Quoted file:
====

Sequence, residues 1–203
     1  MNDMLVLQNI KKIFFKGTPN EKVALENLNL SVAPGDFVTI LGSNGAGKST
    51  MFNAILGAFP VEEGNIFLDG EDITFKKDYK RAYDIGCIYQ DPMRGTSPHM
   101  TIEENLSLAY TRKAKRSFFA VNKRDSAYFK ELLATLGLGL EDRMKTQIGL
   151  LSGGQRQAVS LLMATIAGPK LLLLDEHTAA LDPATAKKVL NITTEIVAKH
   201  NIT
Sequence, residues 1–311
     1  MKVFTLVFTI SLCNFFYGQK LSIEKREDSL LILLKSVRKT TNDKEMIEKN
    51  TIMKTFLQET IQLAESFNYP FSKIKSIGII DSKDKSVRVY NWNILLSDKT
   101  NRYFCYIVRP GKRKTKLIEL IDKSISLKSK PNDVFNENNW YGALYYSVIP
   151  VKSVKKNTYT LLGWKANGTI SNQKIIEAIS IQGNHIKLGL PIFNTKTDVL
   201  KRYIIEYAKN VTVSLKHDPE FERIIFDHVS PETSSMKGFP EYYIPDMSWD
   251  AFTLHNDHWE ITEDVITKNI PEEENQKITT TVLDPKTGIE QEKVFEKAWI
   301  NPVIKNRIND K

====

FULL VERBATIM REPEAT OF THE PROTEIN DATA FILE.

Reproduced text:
Sequence, residues 1–203
     1  MNDMLVLQNI KKIFFKGTPN EKVALENLNL SVAPGDFVTI LGSNGAGKST
    51  MFNAILGAFP VEEGNIFLDG EDITFKKDYK RAYDIGCIYQ DPMRGTSPHM
   101  TIEENLSLAY TRKAKRSFFA VNKRDSAYFK ELLATLGLGL EDRMKTQIGL
   151  LSGGQRQAVS LLMATIAGPK LLLLDEHTAA LDPATAKKVL NITTEIVAKH
   201  NIT
Sequence, residues 1–311
     1  MKVFTLVFTI SLCNFFYGQK LSIEKREDSL LILLKSVRKT TNDKEMIEKN
    51  TIMKTFLQET IQLAESFNYP FSKIKSIGII DSKDKSVRVY NWNILLSDKT
   101  NRYFCYIVRP GKRKTKLIEL IDKSISLKSK PNDVFNENNW YGALYYSVIP
   151  VKSVKKNTYT LLGWKANGTI SNQKIIEAIS IQGNHIKLGL PIFNTKTDVL
   201  KRYIIEYAKN VTVSLKHDPE FERIIFDHVS PETSSMKGFP EYYIPDMSWD
   251  AFTLHNDHWE ITEDVITKNI PEEENQKITT TVLDPKTGIE QEKVFEKAWI
   301  NPVIKNRIND K